The aim of many presentations given by managers is to either explain a previous decision or to seek approval for a plan of action. In these cases, the format can be question orientated. The format is to introduce the problem and any relevant background, and then to outline the various solutions to that problem listing the advantages and disadvantages of each solution in turn. Finally, all possible options are summarised in terms of their pro's and con's, and either the preferred solution is presented for endorsement by the audience or a discussion is initiated leading to the decision. One trick for obtaining the desired outcome is to establish during the presentation the criteria by which the various options are to be judged; this alone should allow you to obtain your desired outcome. Pyramid

In a newspaper, the story is introduced in its entirety in a catchy first paragraph. The next few paragraphs repeat the same information only giving further details to each point. The next section repeats the entire story again, but developing certain themes within each of the sub-points and again adding more information. This is repeated until the reporter runs out of story. The editor then simply decides upon the newsworthiness of the report and cuts from the bottom to the appropriate number of column inches.

There are two main advantages to this style for presentations. Firstly, it can increase the audiences receptiveness to the main ideas. Since at every stage of the pyramid they have all ready become familiar with the ideas and indeed know what to expect next. This sense of deja vu can falsely give the impression that what they are hearing are their own ideas. The second advantage is that the duration of the talk can be easily altered by cutting the talk in exactly the same way as the newspaper editor might have done to the news story. This degree of flexibility may be useful if the same presentation is to be used several times in different situations. The Meaty Sandwich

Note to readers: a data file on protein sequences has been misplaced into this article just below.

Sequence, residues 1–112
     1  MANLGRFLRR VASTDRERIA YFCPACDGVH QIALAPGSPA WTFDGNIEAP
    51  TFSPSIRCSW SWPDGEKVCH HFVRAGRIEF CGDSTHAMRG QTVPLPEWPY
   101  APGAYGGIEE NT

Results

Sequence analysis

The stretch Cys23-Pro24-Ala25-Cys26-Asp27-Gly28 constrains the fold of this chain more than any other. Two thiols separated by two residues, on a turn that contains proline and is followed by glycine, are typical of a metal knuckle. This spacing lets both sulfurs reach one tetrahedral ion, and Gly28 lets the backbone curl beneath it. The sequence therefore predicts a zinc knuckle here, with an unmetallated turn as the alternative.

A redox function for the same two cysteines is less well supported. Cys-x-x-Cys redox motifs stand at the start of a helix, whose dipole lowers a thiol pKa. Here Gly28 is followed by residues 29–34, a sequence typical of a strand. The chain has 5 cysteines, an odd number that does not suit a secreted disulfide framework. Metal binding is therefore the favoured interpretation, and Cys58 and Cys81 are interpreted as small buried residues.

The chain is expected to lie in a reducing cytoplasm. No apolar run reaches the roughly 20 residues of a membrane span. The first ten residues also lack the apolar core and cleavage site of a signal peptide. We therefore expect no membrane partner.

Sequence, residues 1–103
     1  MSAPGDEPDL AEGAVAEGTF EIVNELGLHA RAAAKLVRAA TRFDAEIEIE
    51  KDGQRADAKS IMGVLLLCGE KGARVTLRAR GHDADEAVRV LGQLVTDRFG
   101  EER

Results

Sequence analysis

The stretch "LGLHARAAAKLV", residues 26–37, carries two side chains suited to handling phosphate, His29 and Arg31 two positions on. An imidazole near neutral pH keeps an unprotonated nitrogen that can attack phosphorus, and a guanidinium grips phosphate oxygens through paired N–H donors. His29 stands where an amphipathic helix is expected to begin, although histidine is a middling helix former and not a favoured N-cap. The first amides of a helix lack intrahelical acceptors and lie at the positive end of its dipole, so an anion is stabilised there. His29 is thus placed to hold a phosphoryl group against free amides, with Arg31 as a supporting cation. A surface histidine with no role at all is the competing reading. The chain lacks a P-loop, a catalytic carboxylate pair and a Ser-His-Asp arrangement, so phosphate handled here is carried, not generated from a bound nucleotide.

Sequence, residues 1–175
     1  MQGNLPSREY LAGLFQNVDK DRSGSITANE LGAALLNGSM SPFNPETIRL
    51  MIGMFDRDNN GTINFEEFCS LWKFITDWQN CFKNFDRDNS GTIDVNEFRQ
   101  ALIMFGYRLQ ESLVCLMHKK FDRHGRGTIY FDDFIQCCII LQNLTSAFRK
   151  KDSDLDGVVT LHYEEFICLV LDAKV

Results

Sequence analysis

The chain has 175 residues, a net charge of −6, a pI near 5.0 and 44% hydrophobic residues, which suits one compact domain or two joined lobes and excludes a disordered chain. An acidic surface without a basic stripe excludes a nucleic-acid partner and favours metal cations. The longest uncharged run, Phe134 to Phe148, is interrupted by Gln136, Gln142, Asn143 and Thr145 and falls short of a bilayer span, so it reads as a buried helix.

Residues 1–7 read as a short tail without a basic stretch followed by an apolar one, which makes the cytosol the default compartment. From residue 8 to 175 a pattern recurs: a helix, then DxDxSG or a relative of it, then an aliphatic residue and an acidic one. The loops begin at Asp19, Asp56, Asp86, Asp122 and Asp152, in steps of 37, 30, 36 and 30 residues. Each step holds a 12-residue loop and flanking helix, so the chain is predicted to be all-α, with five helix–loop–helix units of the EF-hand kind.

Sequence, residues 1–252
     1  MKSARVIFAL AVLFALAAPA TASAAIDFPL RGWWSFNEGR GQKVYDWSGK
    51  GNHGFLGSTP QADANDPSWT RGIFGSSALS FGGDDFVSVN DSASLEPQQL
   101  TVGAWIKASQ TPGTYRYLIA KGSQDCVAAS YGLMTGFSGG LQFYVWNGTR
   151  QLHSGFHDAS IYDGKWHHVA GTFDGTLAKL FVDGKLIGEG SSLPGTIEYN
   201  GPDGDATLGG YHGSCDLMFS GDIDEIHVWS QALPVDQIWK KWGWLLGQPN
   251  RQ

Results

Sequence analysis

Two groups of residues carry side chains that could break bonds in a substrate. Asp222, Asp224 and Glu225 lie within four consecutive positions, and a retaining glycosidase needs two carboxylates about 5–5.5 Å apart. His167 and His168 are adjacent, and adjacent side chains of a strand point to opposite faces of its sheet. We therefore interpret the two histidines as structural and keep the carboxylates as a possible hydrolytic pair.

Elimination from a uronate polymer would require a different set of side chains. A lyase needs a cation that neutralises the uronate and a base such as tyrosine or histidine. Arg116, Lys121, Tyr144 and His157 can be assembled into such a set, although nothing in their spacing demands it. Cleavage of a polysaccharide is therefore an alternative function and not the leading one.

The simplest and most direct format remains the meaty sandwich. This is the simple beginning-middle-end format in which the main meat of the exposition is contained in the middle and is proceeded by an introduction and followed by a summary and conclusion. This is really the appropriate format for all small sub-sections in all the previous structures. If the talk is short enough, or the topic simple enough, it can indeed form the entirity of the presentation. " -- todo summarize this

todo summarize this:

Other styles

The suggestions here are for my preferred mode of writing, 'informal prose with a goal of being easy to read'. This mode is not the best choice for all situations:


Style guides:

Abbreviated style guides:

Alternate style guides:

Misc specialized writing advice:

Rules for how to write in a basic/simplified form of English:

Other basic/simplified/controlled languages:

Automatically estimating how 'easy to read' a text is: